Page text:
Two weeks ago, the United Nations Environment Assembly, the world’s highest-level decision-making body on the environment comprising 4,700 delegates from 170 countries gathered for a week-long summit in Nairobi, Kenya. At the top of the agenda was the issue of sustainable consumption. Joyce Msuya, acting head of UN Environment stressed that we “have grown at the expense of our planet” and that we must “transform our patterns of consumption and production” if we wish to see a sustainable future. Likewise, Siim Kisler, President of the 2019 UN Environment Assembly, claimed that current consumption and production habits are “increasingly stretching beyond the limits of our planet”, and that “unless we act now, we will not be able to reverse these mega-trends”.
The UN Environment Background Report to the summit provides a worrying wider context to these claims. Our existing consumption and production can be directly linked to devastating environmental consequences. Annually, air pollution costs us $5trn and causes 7 million premature deaths worldwide; man-made climate change is projected to lead to increasing frequency and severity of extreme weather events; and man is polluting water faster than nature can purify it- contributing to global water stress. The environment poses one of the greatest security risks to humanity today, and with the global population projected to rise to almost 10 billion by 2050, pressure on our planet looks set to increase. The UN claims that if we are to stick to our current patterns of consumption and production, by 2050 the equivalent of almost three planets will be needed to meet our needs.
It is essential then, that we move from our current trajectory. Msuya urged delegates to the summit to be “optimistic and bold” and to aim for an 80% reduction in fossil fuel use and near zero waste economies by 2050. The summit’s background report too, emphasized that growth and consumption must be decoupled from negative environmental impact.
Such measures would surely go a long way towards securing a sustainable future, but there is reason to remain skeptical as to their likelihood. In fact, current trends point in the opposite direction. Vehicle ownership is projected to increase 32% by just 2020; air travel by 300%. Both are key emitters of harmful greenhouse gases. The International Chamber of Commerce predicts that consumption of limited raw materials will nearly double by 2060. And at the same time as we increase our harmful consumption, we remain extremely wasteful- the UN estimates one third of all food produced ends up being thrown away each year.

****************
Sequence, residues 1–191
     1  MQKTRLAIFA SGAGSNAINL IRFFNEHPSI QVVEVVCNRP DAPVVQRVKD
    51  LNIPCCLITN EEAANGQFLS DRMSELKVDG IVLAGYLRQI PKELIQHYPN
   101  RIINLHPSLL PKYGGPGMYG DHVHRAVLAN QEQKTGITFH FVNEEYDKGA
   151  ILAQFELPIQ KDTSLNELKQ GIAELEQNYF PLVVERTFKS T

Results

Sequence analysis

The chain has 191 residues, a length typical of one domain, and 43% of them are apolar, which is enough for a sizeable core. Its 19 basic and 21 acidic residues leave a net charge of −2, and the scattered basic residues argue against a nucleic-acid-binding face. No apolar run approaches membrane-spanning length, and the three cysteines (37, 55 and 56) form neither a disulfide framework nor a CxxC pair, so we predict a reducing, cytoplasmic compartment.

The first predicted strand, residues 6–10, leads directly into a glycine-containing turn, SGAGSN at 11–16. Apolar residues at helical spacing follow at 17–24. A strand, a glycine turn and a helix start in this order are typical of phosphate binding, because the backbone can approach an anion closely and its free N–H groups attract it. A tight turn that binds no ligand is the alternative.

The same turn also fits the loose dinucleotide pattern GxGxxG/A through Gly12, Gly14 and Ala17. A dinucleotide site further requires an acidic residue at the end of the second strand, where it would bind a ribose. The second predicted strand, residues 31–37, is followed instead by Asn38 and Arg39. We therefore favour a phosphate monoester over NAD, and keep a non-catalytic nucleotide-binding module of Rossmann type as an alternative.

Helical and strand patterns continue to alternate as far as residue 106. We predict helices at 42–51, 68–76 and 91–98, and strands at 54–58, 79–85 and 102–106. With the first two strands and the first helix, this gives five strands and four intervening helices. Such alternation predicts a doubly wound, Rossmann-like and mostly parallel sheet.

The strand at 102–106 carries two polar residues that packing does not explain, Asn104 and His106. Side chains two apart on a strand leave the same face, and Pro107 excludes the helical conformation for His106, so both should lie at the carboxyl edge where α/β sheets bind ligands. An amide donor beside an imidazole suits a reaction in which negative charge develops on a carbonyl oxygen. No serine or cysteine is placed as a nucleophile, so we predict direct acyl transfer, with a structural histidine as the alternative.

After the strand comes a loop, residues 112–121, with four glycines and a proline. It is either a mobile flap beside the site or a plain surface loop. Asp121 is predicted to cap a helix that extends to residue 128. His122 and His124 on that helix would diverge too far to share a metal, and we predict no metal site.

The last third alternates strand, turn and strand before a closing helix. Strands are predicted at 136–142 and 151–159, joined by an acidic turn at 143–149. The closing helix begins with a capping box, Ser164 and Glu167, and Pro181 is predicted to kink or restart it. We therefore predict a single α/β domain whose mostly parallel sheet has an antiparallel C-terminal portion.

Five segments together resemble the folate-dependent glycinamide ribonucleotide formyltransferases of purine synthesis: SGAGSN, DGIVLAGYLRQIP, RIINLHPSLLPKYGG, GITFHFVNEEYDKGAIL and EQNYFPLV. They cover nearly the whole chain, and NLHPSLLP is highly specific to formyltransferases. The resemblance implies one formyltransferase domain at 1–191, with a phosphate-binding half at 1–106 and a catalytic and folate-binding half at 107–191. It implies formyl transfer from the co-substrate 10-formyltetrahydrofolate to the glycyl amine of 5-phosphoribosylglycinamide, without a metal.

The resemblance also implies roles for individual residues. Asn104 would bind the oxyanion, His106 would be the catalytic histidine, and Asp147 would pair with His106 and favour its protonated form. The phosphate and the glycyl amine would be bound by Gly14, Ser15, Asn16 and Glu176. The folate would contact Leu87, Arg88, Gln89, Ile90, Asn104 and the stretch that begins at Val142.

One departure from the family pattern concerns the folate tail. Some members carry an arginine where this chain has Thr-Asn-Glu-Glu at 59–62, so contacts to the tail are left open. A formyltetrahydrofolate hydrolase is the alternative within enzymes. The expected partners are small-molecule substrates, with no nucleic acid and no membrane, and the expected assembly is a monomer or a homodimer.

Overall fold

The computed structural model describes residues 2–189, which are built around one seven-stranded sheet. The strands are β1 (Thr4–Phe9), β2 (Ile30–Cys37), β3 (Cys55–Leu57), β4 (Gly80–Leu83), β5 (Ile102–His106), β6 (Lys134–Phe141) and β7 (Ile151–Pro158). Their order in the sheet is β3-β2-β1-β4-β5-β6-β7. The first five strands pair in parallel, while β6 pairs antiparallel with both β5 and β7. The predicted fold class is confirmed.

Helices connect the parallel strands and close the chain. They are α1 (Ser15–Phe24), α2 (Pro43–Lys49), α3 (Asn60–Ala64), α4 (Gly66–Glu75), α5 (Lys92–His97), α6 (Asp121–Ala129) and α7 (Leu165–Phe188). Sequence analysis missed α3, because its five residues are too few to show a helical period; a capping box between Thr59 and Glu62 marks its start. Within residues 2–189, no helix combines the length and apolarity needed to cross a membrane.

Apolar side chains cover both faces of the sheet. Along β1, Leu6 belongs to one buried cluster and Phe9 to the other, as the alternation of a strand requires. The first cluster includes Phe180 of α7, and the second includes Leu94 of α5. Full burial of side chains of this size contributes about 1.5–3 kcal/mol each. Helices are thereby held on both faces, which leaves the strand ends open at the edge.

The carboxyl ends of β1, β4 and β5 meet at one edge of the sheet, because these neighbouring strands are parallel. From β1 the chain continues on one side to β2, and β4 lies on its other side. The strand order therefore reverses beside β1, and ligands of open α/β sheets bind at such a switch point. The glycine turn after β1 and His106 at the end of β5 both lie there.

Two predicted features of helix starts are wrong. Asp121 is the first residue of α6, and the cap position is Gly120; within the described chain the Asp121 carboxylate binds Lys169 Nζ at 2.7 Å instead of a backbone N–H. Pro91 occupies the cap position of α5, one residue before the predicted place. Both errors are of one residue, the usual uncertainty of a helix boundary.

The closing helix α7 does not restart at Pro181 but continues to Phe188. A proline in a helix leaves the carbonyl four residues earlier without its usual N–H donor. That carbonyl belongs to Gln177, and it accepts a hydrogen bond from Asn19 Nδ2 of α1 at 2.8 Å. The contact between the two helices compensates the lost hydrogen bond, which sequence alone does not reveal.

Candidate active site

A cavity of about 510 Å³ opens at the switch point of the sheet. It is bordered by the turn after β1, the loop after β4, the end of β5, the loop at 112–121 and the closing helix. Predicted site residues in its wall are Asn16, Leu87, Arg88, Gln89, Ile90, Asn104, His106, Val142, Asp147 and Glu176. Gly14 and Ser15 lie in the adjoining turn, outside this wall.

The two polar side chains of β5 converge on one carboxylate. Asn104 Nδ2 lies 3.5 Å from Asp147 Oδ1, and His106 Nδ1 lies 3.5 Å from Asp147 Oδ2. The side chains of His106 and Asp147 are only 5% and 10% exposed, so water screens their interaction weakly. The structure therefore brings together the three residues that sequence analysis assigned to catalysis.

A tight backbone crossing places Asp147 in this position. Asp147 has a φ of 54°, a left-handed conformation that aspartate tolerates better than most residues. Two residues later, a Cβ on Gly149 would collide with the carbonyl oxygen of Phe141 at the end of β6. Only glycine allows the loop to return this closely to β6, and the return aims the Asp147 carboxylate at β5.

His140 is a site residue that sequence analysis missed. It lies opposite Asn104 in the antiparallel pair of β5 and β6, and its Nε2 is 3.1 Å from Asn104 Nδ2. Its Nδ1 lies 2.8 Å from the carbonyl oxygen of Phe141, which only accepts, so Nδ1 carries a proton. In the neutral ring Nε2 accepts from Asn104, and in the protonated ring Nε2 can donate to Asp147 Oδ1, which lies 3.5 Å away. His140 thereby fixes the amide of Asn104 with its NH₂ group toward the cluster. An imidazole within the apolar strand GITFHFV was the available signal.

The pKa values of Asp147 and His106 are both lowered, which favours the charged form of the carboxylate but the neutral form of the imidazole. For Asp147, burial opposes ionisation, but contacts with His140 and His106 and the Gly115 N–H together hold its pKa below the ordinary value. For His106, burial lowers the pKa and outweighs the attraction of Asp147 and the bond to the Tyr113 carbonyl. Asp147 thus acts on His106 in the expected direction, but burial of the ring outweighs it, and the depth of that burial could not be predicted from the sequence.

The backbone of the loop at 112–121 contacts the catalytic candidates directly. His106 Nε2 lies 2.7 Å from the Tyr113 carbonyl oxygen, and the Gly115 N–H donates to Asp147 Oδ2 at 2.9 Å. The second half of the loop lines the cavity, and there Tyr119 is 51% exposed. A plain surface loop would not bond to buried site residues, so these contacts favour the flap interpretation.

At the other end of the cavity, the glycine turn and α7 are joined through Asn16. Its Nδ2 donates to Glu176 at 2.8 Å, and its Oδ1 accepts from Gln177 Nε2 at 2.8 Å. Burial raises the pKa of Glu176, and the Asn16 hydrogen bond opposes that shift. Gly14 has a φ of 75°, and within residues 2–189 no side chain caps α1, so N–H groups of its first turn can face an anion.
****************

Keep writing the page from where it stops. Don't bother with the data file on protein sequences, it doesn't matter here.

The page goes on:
Reversing these trends will prove no easy feat. The UN claims that the current rate at which CO2 emissions are being decoupled from economic growth will need to triple if countries are to meet their current targets, set out in the 2015 Paris Climate Agreement; two thirds of the planet have no access to controlled waste disposal systems; and whilst renewable energy uptake has increased, the International Energy Agency forecasts it will account for just 18% of the world’s energy by 2040, well below the IEA’s sustainability target of 28%.
The attention being placed on environmental security and a shift to sustainable consumption is of course a positive. High-level summits of the world’s leading experts and those in power shows that steps are being made to address this pressing issue. But these summits must move past the unaccountable, insufficient pledges of previous gatherings- a 2017 UN report found that the Paris Agreement’s state commitments would not limit global warming to the stated 2°C target, even if met. We must move towards decisive, fundamental transformation of how we grow, consume and produce. It remains to be seen what will emerge from this latest gathering, but we must hope that delegates have taken it upon themselves to push for such action. After all, as Joyce Msuya noted at the summit’s opening, “time is running short”.